Anthea Hamilton: Vulcano Table (2014)
Anthea Hamilton’s erupting table is the sculptural equivalent of a gorgeous diva throwing a tantrum: both magnificent and absurd. There’s a pneumatic glamour to the gleaming gobbets of scarlet, hand-blown molten glass overflowing from its surface to slide on to the floor. (I love the name of the glass pigment color—Ferrari red).
While its excessive exuberance makes it difficult to ignore (think of the voluptuous swooshing of Cruella de Vil’s fur coats in Disney’s 101 Dalmatians), Vulcano Table is a highly knowing piece of art. Hamilton often talks about her “performative sculptures”, and here she is all too aware of the extent to which she is energetically upping the ante on what sculpture—and glass for that matter—can do.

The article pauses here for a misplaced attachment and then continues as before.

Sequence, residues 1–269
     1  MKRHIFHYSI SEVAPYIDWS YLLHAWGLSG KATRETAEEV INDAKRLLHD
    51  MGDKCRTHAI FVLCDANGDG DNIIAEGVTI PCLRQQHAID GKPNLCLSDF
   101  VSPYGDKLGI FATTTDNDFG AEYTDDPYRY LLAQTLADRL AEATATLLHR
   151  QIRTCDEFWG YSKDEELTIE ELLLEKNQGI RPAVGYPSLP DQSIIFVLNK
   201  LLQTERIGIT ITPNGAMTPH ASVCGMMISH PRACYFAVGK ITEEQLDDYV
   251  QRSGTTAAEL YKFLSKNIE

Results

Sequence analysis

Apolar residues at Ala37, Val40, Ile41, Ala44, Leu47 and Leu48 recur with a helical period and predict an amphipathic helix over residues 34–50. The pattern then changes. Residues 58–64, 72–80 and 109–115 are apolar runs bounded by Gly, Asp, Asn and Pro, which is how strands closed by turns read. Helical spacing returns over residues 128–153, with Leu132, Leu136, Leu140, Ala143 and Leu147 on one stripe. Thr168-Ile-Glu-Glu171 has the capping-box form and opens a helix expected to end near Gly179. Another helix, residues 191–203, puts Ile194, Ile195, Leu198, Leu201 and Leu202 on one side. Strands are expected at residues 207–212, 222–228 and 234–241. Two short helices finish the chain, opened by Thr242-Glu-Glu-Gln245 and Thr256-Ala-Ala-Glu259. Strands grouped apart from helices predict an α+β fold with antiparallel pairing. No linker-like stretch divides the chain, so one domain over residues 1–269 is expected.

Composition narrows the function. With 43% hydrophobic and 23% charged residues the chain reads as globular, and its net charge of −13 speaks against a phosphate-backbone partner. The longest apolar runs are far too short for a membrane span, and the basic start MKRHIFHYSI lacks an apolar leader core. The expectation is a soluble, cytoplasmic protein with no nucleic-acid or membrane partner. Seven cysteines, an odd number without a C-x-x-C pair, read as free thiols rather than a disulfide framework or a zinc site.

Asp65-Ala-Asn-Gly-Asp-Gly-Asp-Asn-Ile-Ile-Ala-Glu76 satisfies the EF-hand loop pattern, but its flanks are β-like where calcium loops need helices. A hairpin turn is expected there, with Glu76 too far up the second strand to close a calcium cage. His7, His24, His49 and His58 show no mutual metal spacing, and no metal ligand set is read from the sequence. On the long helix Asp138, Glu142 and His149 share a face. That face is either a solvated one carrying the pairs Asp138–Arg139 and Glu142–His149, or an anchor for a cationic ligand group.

Hamilton is no stranger to the dramatic gesture. Her 10m-high remake of Gaetano Pesce’s 1970s design for a parted-buttock doorway Project for Door (After Gaetano Pesce) (2015) was the most photographed piece from last year’s Turner Prize exhibition. Other works have included a giant digital printed image on a scaffolding support of a splay-legged male model in his underpants, Aquarius (2012), and a series of laser-cut stainless steel chastity belts.
Now Vulcano Table, which is named after a small volcanic island north of Sicily, is on show in the genteel surroundings of The Hepworth Wakefield in Yorkshire. It is part of an installation by Hamilton in which she responds to objects from Kettle’s Yard, the former Cambridge home of the late English art collector Jim Ede, which is currently closed for renovation (“Anthea Hamilton Reimagines Kettle’s Yard“, until 1 May).